CAT Refuses Leave To Appeal On Ryanair/Aer Lingus Merger

Profession:Dundas & Wilson

On 13 September, the CAT refused Ryanair permission to appeal against the CAT's July ruling that the OFT's investigation into the Ryanair/Aer Lingus merger was not time-barred. Ryanair failed to convince the CAT that there was any compelling reason why an appeal should be allowed.

This case has a long history. Ryanair first acquired shares in Aer Lingus in 2006 and upon obtaining a substantial minority shareholding, launched a public bid for Aer Lingus. The European Commission issued two decisions under the EU Merger Regulation in the summer of 2007. In the first, it prohibited Ryanair from acquiring the remaining shares in Aer Lingus. It concluded that the acquisition would have combined the two leading airlines operating from Ireland, which vigorously competed against each other. Remedies offered by Ryanair were inadequate to remove the Commission's competition concerns. In its second decision, the Commission rejected a request by Aer Lingus that Ryanair should be required to divest its existing minority shareholding in Ryanair. The Commission concluded that it lacked jurisdiction to order divestiture of a minority, non-controlling shareholding, the acquisition of which did not amount to a "concentration" for the purposes of the EU Merger Regulation. Both airlines appealed against the Commission's decisions. UK merger rules treat as an acquisition of control the acquisition of "material influence", which may result from a shareholding of as little as 15% or so. However, the OFT considered itself unable to carry out any investigation into the shareholding with the appeals outstanding.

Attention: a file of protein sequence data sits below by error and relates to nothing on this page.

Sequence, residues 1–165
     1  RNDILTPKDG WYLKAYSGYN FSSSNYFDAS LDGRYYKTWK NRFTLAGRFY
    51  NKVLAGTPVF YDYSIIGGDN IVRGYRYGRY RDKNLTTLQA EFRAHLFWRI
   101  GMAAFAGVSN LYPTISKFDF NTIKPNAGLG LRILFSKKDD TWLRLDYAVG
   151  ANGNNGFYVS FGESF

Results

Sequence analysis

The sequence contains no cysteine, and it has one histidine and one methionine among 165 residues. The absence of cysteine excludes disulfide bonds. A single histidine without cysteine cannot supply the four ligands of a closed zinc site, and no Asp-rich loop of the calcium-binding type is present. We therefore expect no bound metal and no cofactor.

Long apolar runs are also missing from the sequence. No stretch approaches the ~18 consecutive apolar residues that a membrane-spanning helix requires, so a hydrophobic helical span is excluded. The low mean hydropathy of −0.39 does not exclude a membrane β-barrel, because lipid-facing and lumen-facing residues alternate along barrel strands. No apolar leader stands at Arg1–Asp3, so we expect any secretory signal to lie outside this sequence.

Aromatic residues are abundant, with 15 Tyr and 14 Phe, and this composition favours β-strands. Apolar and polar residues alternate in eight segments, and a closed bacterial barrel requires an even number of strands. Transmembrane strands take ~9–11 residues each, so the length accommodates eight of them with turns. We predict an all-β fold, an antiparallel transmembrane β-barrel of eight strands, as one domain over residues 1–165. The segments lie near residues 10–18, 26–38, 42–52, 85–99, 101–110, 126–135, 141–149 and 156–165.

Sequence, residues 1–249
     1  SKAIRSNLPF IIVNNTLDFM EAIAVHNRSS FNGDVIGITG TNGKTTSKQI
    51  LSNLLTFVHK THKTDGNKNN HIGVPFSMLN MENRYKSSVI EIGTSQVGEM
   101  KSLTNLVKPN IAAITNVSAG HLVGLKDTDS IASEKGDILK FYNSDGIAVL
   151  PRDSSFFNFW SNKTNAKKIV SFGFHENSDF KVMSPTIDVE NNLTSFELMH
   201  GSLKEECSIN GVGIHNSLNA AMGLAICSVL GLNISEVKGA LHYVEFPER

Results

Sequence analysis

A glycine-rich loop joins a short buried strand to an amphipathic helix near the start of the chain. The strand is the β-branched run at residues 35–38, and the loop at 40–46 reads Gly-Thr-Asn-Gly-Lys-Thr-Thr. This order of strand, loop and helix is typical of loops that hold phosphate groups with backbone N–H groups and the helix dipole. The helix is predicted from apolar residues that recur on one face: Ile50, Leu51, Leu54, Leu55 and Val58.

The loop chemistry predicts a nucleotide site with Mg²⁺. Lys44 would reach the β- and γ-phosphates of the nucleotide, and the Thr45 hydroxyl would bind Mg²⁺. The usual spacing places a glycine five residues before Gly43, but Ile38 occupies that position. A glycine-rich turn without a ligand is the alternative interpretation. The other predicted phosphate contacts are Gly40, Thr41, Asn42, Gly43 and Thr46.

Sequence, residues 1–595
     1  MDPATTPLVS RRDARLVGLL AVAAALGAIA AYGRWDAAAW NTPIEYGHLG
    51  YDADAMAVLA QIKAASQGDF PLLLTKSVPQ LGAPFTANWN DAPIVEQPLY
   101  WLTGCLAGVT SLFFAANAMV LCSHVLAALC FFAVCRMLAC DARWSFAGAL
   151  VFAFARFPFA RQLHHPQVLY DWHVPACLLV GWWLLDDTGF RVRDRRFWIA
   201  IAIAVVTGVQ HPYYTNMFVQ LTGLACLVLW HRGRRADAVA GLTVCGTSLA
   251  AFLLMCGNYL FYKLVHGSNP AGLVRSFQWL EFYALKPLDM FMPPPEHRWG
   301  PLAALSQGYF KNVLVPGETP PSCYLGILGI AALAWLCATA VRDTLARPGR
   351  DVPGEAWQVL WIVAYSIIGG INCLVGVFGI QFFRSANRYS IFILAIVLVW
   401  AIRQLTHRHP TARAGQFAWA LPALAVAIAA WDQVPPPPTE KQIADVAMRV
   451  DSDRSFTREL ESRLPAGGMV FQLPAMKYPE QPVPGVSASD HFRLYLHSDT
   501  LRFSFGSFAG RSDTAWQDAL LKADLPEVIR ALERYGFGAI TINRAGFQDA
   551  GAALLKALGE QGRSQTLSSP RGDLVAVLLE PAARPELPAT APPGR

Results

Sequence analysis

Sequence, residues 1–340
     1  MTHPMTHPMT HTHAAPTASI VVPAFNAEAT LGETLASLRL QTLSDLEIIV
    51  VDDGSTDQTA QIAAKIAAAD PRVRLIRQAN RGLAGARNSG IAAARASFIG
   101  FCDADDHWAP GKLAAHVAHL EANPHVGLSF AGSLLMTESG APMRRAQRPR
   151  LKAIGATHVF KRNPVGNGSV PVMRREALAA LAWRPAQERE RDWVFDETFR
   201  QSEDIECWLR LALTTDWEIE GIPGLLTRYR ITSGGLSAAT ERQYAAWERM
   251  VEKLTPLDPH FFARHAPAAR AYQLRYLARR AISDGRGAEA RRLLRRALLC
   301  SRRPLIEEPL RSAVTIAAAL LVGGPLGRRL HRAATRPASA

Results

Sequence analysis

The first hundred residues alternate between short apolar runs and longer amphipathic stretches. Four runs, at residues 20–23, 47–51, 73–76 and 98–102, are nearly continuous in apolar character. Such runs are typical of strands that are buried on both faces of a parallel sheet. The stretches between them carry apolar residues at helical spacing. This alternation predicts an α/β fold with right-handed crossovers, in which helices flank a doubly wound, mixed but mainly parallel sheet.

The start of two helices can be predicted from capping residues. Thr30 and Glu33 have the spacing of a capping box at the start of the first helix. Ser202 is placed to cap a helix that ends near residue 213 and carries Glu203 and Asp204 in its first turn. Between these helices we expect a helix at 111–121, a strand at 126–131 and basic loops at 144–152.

As we reported in our February...

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